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Measuring and Mapping Threats to a Wildlife Sanctuary In South India'

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Measuring and Mapping Threats to a Wildlife Sanctuary In South India'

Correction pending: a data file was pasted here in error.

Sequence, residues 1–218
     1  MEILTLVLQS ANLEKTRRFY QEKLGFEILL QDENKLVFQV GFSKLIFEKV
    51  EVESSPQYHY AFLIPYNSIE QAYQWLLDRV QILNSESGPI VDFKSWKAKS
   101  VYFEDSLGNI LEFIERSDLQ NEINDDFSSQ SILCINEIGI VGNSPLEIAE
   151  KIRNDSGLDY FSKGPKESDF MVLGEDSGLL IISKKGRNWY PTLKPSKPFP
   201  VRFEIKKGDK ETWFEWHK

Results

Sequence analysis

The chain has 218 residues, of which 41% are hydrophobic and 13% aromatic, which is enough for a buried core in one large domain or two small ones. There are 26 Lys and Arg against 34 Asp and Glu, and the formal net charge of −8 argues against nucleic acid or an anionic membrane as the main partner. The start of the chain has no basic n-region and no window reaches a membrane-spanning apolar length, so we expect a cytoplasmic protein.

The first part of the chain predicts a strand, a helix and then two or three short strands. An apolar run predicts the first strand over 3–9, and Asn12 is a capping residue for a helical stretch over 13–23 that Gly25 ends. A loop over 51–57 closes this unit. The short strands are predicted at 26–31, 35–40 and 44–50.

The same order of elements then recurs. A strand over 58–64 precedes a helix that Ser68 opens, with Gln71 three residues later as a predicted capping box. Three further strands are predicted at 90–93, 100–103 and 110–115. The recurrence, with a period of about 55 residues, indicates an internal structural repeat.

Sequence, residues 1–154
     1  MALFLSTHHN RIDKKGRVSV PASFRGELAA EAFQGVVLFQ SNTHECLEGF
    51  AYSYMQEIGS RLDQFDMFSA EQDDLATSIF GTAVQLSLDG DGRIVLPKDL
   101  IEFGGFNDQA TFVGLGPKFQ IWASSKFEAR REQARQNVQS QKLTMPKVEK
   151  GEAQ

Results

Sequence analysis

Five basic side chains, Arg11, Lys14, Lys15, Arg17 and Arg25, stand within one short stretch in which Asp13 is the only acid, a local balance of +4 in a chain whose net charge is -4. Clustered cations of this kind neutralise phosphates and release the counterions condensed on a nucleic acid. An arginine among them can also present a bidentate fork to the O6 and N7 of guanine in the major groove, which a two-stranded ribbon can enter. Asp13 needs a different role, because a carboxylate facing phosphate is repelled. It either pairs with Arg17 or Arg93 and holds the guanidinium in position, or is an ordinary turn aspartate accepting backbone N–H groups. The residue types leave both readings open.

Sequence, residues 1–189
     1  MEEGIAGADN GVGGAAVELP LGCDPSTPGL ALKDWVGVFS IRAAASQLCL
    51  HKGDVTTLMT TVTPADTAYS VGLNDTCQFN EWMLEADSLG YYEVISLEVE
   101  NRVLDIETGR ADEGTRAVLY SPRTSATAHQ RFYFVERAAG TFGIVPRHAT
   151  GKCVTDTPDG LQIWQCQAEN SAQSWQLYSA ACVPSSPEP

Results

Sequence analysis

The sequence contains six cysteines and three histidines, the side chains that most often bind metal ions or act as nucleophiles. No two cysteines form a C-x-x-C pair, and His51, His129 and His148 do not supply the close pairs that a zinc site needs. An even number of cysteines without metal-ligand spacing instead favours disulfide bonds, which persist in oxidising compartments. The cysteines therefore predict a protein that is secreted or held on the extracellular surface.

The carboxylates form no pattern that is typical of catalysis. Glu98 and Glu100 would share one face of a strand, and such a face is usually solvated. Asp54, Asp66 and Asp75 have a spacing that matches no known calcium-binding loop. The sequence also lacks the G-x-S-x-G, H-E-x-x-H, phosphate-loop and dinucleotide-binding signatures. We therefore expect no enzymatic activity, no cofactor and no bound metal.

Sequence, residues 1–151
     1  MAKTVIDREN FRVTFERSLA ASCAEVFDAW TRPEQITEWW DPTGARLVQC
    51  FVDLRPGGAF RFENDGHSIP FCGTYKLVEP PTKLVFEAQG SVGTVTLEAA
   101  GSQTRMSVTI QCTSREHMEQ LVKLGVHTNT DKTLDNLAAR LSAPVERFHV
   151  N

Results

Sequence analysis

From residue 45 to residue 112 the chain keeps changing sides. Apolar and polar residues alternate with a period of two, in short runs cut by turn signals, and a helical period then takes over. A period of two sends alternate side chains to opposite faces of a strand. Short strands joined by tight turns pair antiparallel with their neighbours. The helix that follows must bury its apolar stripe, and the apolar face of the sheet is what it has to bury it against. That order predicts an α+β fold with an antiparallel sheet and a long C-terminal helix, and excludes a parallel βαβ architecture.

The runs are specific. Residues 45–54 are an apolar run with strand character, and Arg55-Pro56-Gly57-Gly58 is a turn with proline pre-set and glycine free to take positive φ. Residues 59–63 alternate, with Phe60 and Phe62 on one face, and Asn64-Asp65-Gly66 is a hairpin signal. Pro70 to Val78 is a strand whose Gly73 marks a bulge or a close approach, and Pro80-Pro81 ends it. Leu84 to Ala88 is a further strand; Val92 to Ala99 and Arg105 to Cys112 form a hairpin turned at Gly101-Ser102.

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  Measuring and Mapping Threats to a WildlifeSanctuary in Southern India  N. BARVE, ∗ M. C. KIRAN, ∗ G. VANARAJ, ∗ N. A. ARAVIND, ∗ D. RAO, ∗ R. UMA SHAANKER, ∗ †K. N. GANESHAIAH, ∗ ‡ ∗∗  AND J. G. POULSEN § ∗  Ashoka Trust for Research in Ecology and the Environment, #659, 5th ‘A’ Main, Hebbal, Bangalore 560 024, India†Department of Crop Physiology, University of Agricultural Sciences, GKVK, Bangalore 560 065, India‡Department of Genetics and Plant Breeding, University of Agricultural Sciences, GKVK, Bangalore 560 065, India § Center for International Forestry Research, P.O. Box 6596, JKPWB, Jakarta 10065, Indonesia  Abstract:  Although conservation and management of tropical ecosystems requires that we understand thethreatstotheseareas,therearenostandardizedmethodstoquantifythreatstoecosystems.Weusedageographic information system-based protocol with several physical and socioeconomic attributes to assess the threats toa protected area, a wildlife sanctuary in southern India. Physical attributes included threats from major and minor roads and the accessibility of an area (given as inverse of the slope of the area), and socioeconomic attributesincludedthenumberofhumansettlementsandhuman,cattle,andsheeppopulations.Wedividedthe sanctuary into 30-ha grids, and for each grid we computed three threat categories: (1) settlement-associated threat from humans, cattle, and sheep; (2) development-associated threat resulting from major and minor roads; and (3) accessibility-related threat caused by the steepness of the terrain. Combining all three threats,wederivedacompositethreatindexforeachgridandmappedfivelevelsofthreatsinthesanctuary.Wecollected data on human activities, tree species richness, and diversity in the transects laid in areas corresponding tothese five threat levels. Although the threat levels of the transects were strongly correlated with the human- related disturbance activities, the composite threat indices of the transects were negatively correlated with tree species richness, indicating that the threat values we derived served as a good surrogate of the actual threat experienced by the sanctuary. With appropriate modifications, the protocol developed here can be applied toother ecosystems as well. Key Words:  Biligiri Rangaswamy Temple Sanctuary, disturbance index, threat map, Western GhatsMedici´on y Mapeo de Amenazas a un Santuario de Vida Silvestre en el Sur de India Resumen:  La conservaci ´ on y manejo de ecosistemas tropicales requiere que entendamos las amenazas aesas ´ areas. Sin embargo, no hay m´ etodos estandarizados para cuantificar las amenazas a los ecosistemas. Utilizamos un protocolo basado en SIG con varios atributos f ´ ısicos y socioecon´ omicos para evaluar las ame- nazas a un ´ area protegida, un santuario de vida silvestre en el sur de India. Los atributos f ´ ısicos incluyeronamenazas de caminos mayores y menores y accesibilidad de un ´ area (como el inverso de la pendiente del ´ area), y los atributos socioecon´ omicos incluyeron el n´ umero de asentamientos humanos y las poblaciones humanas, de ganado y ovejas. Dividimos al santuario en parcelas de 30 ha, y en cada parcela computa- mos tres categor ´ ıas de amenaza: (1) amenaza de humanos, ganado y ovejas asociada con asentamientos,(2) amenaza asociada con desarrollo debido a caminos mayores y menores y (3) amenaza relacionada conaccesibilidad debido a la pendiente del terreno. Combinando las tres amenazas, derivamos un ´ ındice com-  puesto de amenaza para cada parcela y mapeamos cinco niveles de amenaza en el santuario. Recolectamosdatos sobre actividades humanas, riqueza y diversidad de especies de aves en los transectos ubicados en ∗∗  Address correspondence to K. N. Ganeshaiah, email kng@vsnl.com Paper received November 25, 2003; revised manuscript accepted May 28, 2004. 122 Conservation Biology, Pages 122–130 Volume 19, No. 1, February 2005   Barve et al. Measuring and Mapping Threats  123 ´ areas correspondientes a estos cinco niveles de amenaza. Aunque los niveles de amenaza en los transectosestuvieron fuertemente correlacionados con actividades de perturbaci ´ on humana, los´ ındices compuestos deamenaza estuvieron correlacionados negativamente con la riqueza de especies de ´ arboles lo que indica quelos valores de amenaza que derivamos fueron buen sustituto de la amenazas que hay en el santuario. Conlas modificaciones apropiadas, el protocolo desarrollado puede ser aplicado en otros ecosistemas. Palabras Clave:  Ghats Occidentales, ´ındice de perturbaci´on, mapa de amenazas, Santuario Templo BiligiriRangaswamy  Introduction In southern Asia, as in many other parts of the trop-ics, increasing demand by human populations has greatly threatened the forests and the resources associated with them (Lugo 1995; Hegde et al. 1996; Murali et al. 1996).Forinstance,between1990and2000,thelargestpercentdecrease in forest area occurred in Africa, South Amer-ica, and Asia (Food and Agricultural Organization [FAO]2001). In India alone it is estimated that approximately 50 million people depend directly on the forests for their livelihood (Hegde et al. 1996). It is feared that continu-ing dependence on the forest could lead to a substantiallossofforestareainthecountry.Partlytoreininsuchlossandtoinsulateforestfromhumanpressures,protectedar-eas (PAs) have been established worldwide. Despite theestablishment of the legislative PA network, more than99% of the world’s protected areas may be experiencingserious threats. The most severe threats to PAs are poach-ing,encroachment,agriculture,ranching,urbandevelop-ment, illegal and legal logging, and collection of nontim-ber forest products (World Bank 1999; World Wide Fundfor Nature [WWF] 2004). In India there are 533 PAs of  varioussizes(median,200km 2 ;mean,430km 2  )covering5.2% of land area. Sixty-five percent of these PAs are in-habited by indigenous communities (Kothari et al. 1989)thatdependalmostexclusivelyonPAsfortheirlivelihood.Unless urgent attempts are made to reduce the threats,protected areas will succumb to increasing human pres-sures. Unfortunately most of the threats arising from an-thropogenicactivitiesintheprotectedareasarenoteasily quantifiable because they are very dynamic and hetero-geneous. Effective conservation of protected areas, how-ever, demands that we evaluate the threats and accord-ingly formulate appropriate management plans to miti-gate them (Lugo 1995). There are hardly any standard-ized methodologies to evaluate the threats that protectedareas face. We propose a protocol for assessing and map-ping threats for a protected area, a wildlife sanctuary, insouthern India. We devised a composite threat index thatcombines several physical and socioeconomic attributesand developed threat maps of the protected area. Thethreat index and the map reflect several empirical mea-sures of disturbance and loss of biodiversity occurringin the protected area. Such assessment and mapping of threats could offer a valuable tool with which to managethreats and mitigate forest loss in protected areas. Methods Study Site The Biligiri Rangaswamy Temple (BRT) Wildlife Sanctu-ary (540 km 2 , 77 ◦ –77 ◦ 16 ′ E and 11 ◦ 47 ′ –12 ◦ 09 ′ N) is inKarnataka in southern India (Fig. 1). A wide range of cli-maticandelevationalvariationswithintheBRTsanctuary have resulted in a highly heterogeneous landscape with  various vegetation types: scrub, moist and dry deciduousforest, riparian areas, evergreen forest,  sholas,  and grass-lands (Ramesh 1989; Ganeshaiah & Uma Shaanker 1998;Muralietal.1998 a, 1998 b  ).Thesanctuaryhasahighlyun-dulating terrain with flatter areas in the periphery. About6000 indigenous people,  Soligas , live in 57 settlementsin and around the sanctuary. Because of the high density of large and charismatic mammals, this area was declareda wildlife sanctuary in 1973. Consequently, the relatively nomadic tribal people were allotted land for cultivation(   Podus  ) within the sanctuary. These people also dependon the forest for a variety of nontimber forest products(NTFPs). About 60% of their total cash income is derivedfrom forest products. The communities supplement their cash income with daily wages made by working in cof-fee plantations located inside the sanctuary (Hegde et. al.1996). Details of the sanctuary’s biogeography, history,management regime, and ecology are given elsewhere(Ganeshaiah & Uma Shaanker 1999; Aravind et al. 2001;Krishnaswamy et al. 2004). Identifying Threats to the Sanctuary   Among various threats to the sanctuary, we identifiedthree broad categories that are likely to affect the struc-ture, diversity, and health of the forest. “Settlement-related threats” (agriculture, dependence on forest prod-ucts, and grazing) include farming by Soligas; small andlargecoffeeplantationsownedbySoligasandothers,with theassociatedhumanactivities;humansettlementsintheforest; harvesting of NTFPs; collection of fuel wood; andgrazing by sheep and cattle owned by the residents livingin and around the sanctuary (Murali et al. 1996). There Conservation Biology  Volume 19, No. 1, February 2005  124  Measuring and Mapping Threats Barve et al.  Figure1. Location of settlements and major and minor roads in Biligiri Rangaswamy Temple (BRT)Wildlife Sanctuary. Inset shows the location of BRT in India. is a high level of grazing within the sanctuary limits, es-pecially in the peripheral flat areas. “Topography-relatedthreats” influence the accessibility of the areas for har- vesting and grazing (Ganeshaiah 1998). The landscape of the sanctuary is undulating and hence has a varied ter-rain. Harvesting of fuel wood and other immediate needsof the people are met within a radius of 3 km aroundsettlements (K.N.G., personal observation), although theNTFPs are likely to be harvested from areas beyond thisradius. Even grazing by sheep and cattle is limited to a ra-dius of 3 km around the settlements (Murali et al. 1996).“Development-related threats” include the wide network of major and minor roads that crisscross the sanctuary,facilitating harvesting, grazing, and occasional poachingby the people (Menon & Bawa 1997). We considered components of the three threat cat-egories important to varying degrees and incorporatedthem accordingly in the calculation of the threat values.Even though agriculture substantially alters the structureof the forest, we did not delineate its effect from that of settlements for two reasons. First, farming is restrictedto the areas around the settlements (Murali et al. 1998 b ;Ganeshaiahetal.2000);hence,thethreatvaluecomputedusing the settlements effectively captures the impact of agriculture as well. Second, legally, the agricultural landis not owned by the residents. In this sense the farmingarea is temporally and spatially dynamic, although it is al- ways concentrated around settlements. Therefore, it waseasier to use settlements as a surrogate for farming. Computation of Threat Values  We digitized the BRT wildlife sanctuary boundary fromSurvey of India toposheets (scale 1:50,000) and dividedthe sanctuary into 2294 grids of 30 ha (  ∼ 550  × 550 m). A 30-ha grid was used as basic unit of analysis because itcorrespondstotheworkingandmanagementgridsizebe-ing followed by the forest department. Based on the fieldsurvey and topographic maps, we mapped all the settle-ments within BRT sanctuary and within a 3-km buffer zone around the sanctuary. To each settlement point onthe geographic information system (GIS) layer, we over-laid the data on human, cattle, and sheep populations. We obtained digital maps of the four different vegetationtypesfromMenonandBawa(1997)andoverlaidthemonthe 30-ha grid map of the sanctuary. SETTLEMENT-RELATED THREATS  We assumed that the threat on a grid increases with den-sities of human, cattle, and sheep in and around that grid.OurearlierworkshowsthattheintensityofNTFPharvest-ing decreases with distance from the settlements. Thisis because the opportunity cost of harvesting increasesas a person moves away from the settlements. Further, we also found that normalized difference vegetation in-dex (NDVI), an index of greenness (and of forest cover)increases asymptotically with the distance from the set-tlement (Ganeshaiah & Uma Shaanker 1999). Therefore, we assumed that threat decreases inversely with distancebetween the settlement and the grid, and in this sense we are replacing space (distance) for time sensu Pickett(1989). We computed three components of settlement-related threats as follows:threat from humans = n  i  = 1  P  i  /  D  i  , threat from cattle grazing = n  i  = 1 C  i  /  D  i  , andthreat from sheep grazing = n  i  = 1 S  i  /  D  i  , Conservation Biology  Volume 19, No. 1, February 2005   Barve et al. Measuring and Mapping Threats  125  where  n  is the number of settlements within a radius of 3 km around the grid;  P  i  , C  i  , and S  i   are the human, cattle,andsheeppopulations,respectively,inthe i  th  settlement;and  D  i   is the distance of the  i  th  settlement from the grid.Becausesettlementswerepolygons,thecenterofthegridseldomcoincidedwiththecenterofthesettlement;thus,  D  i   was never zero. These three threat components wereindependently normalized by dividing the values of allgrids by the maximum value within each component andthen averaging the normalized values to arrive at distur-bance index 1 (D1).  TOPOGRAPHY-RELATED THREATS Based on interviews and our personal observations dur-ing harvesting of NTFPs by residents, we found that har- vesters more frequently use forests with a flat terrain be-cause of the relative ease of accessibility. We thereforeused slope as a surrogate for accessibility and computedthethreatvalueofthatarea.Wecomputedtwocategoriesof slopes: (1) point slope, the slope of the focal grid; and(2)approachslope,theaverageofslopesoftheeightgridssurrounding the focal grid. These two slope values wereseparately normalized by computing the ratio of the min-imum among all the grid slopes to the slope value of thegrid and subsequently averaging this ratio for each grid torepresent disturbance index 2 (D2). DEVELOPMENT-RELATED THREATS Thesanctuaryiscrisscrossedwithroadsthatconnectset-tlementsintheperipheryandthosewithinthesanctuary,theKarnatakaForestDepartment’s(KFD)establishments,and game roads (Menon & Bawa 1997). Roads are of twotypes, major roads (metaled or tarred roads) and minor roads (unmetaled roads connecting major roads and footpaths). We digitized these roads and identified their num-bers within a radius of 3 km around each grid (Fig. 1).Threat values resulting from roads were computed as fol-lows:threat from minor roads, dm =  I   i  = 1 1 / dm i   andthreat from major roads, dM =  N   i  = 1 1 / dM i  ,  wheredm i   isdistancefromthegridtothe i  thminorroad,dM i   is distance from the grid to the  i  th major road, and  I   and  N   are numbers of minor and major roads within a3-km radius around the grid. The values thus computed(dm and dM) were normalized by dividing them by themaximum value within each category. We assumed thatmajor roads offered more access to the forest than minor roads.Therefore,disturbanceindex3(D3)wascomputedasD3 = (2 ∗ dM + dm) / 2 . COMPOSITE THREAT INDEX   Among the three disturbance indices, the human-settlement related threat (D1) is the most detrimental,followed by the slope factor, and then the developmentalfactor. The roads considered for D3 often offered protec-tioninextinguishingfire,preventingillegalpoaching,andfacilitating routine patrolling for the forest guards. Thus,their contribution to the total threat was considered rela-tively less and weighted less. Accordingly, the compositethreat index (CTI) was derived asCTI = (3D1 + 2D2 + D3) / 3 . Mapping and Evaluating the Threat Index   We classified the values of CTI and its three componentsinto five threat levels each and developed thematic mapsfor these threat levels (Fig. 2). The five threat levels of CTI are hereafter referred to as T1 through T5 in decreas-ing order of threat to the grids. Whether or not thesemaps represent the threat was evaluated in two different ways:evaluationwitheachvegetationtypeandevaluation within the entire sanctuary.The BRT sanctuary has four major vegetation types:evergreen, moist deciduous, dry deciduous, and scrubforest. Because the impact of the threats and the threat-related activities could be different in each of these veg-etation types, we evaluated the relationship betweenCTI and other disturbance parameters and the impact of threats on the tree species diversity separately for each  vegetation type. We overlaid the thematic map of CTI with the vegetation types. Within each vegetation type, we identified the areas of T1 to T5 and laid two transectsof 600  ×  20 m within each threat level. Thus, we laida total of 10 transects in each vegetation type. Withineach transect, we collected data on cut and broken stemsandnumberofdungpads.CutandbrokenstemsaregoodindicatorsofdisturbanceinBRT(Muralietal.1996;Gane-shaiahetal.1998).Thedataonnumberofcutandbrokenstems was expressed as a proportion of the total stems,and the number of dung pads was normalized with re-spect to the maximum in any one transect. From the cutand broken stems and dung pad data, we computed theaverage of the cut and broken stems and the normalizeddung value (ACBD) for each transect. We also recordeda set of human-related disturbance activities in each tran-sect, assigned weightings based on intensity of the activ-ity, and then computed total disturbance activity index.Table 1 provides the details of activities and the weight-ings assigned for each activity.For each transect we recorded tree species and num-ber of individuals with   > 10 cm diameter at breast heightand computed species richness and Shannon diversity in-dex following Magurran (1988). Latitude and longitudefor each transect in different vegetation types were taken with a Scout Master GPS (Trimble, Sunnydale, California)in acculock mode and then superimposed on the 30-ha Conservation Biology  Volume 19, No. 1, February 2005  126  Measuring and Mapping Threats Barve et al.  Figure2. Threat maps of the Biligiri Rangaswamy Temple (BRT) Wildlife Sanctuary depicting the three threat indices: (a) D1, the disturbance induced by the settlement-related activities; (b) D2, topography-related access tothe grids and the consequent threats; (c) D3, development-related threats; and (d) composite threat index values.The five categories in each map refer to the five qualitative levels of threat identified. The five threat levelscorresponding to composite threat index were used in the study for identifying the transects. Conservation Biology  Volume 19, No. 1, February 2005